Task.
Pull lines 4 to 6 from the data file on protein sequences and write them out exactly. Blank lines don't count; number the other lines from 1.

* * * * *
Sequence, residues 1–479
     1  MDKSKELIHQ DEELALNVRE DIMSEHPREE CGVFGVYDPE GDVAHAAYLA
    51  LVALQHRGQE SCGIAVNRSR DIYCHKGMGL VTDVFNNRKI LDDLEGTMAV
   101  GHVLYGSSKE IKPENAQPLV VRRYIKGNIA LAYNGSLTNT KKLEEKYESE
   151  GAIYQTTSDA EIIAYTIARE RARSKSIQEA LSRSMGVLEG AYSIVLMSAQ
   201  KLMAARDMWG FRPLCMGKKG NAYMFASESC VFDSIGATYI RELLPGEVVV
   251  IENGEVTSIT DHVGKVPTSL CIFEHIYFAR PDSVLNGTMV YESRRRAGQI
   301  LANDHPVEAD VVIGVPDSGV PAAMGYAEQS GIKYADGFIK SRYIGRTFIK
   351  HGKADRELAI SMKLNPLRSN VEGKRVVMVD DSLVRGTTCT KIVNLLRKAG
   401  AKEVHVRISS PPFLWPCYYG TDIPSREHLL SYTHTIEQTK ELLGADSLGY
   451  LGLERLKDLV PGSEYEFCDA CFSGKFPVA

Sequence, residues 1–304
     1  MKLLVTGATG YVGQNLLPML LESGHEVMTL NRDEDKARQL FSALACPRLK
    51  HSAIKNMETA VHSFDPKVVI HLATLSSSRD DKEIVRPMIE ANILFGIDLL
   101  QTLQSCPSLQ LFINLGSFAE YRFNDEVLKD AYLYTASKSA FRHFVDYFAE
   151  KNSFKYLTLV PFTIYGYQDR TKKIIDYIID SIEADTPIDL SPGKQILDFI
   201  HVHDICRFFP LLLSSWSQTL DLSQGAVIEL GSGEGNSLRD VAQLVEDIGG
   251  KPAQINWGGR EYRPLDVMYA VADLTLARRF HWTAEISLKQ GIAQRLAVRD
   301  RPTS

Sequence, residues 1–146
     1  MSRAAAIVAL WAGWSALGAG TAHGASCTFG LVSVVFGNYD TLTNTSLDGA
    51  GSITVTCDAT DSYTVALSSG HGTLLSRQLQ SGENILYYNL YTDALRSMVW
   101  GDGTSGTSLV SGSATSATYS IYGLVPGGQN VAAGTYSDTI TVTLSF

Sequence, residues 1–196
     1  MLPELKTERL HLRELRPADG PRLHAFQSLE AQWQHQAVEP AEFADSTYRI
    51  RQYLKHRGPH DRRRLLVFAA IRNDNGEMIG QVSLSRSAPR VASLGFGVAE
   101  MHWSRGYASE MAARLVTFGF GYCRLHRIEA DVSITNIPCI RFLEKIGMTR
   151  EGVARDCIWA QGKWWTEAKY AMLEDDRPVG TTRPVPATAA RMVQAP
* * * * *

   101  GHVLYGSSKE IKPENAQPLV VRRYIKGNIA LAYNGSLTNT KKLEEKYESE
   151  GAIYQTTSDA EIIAYTIARE RARSKSIQEA LSRSMGVLEG AYSIVLMSAQ
   201  KLMAARDMWG FRPLCMGKKG NAYMFASESC VFDSIGATYI RELLPGEVVV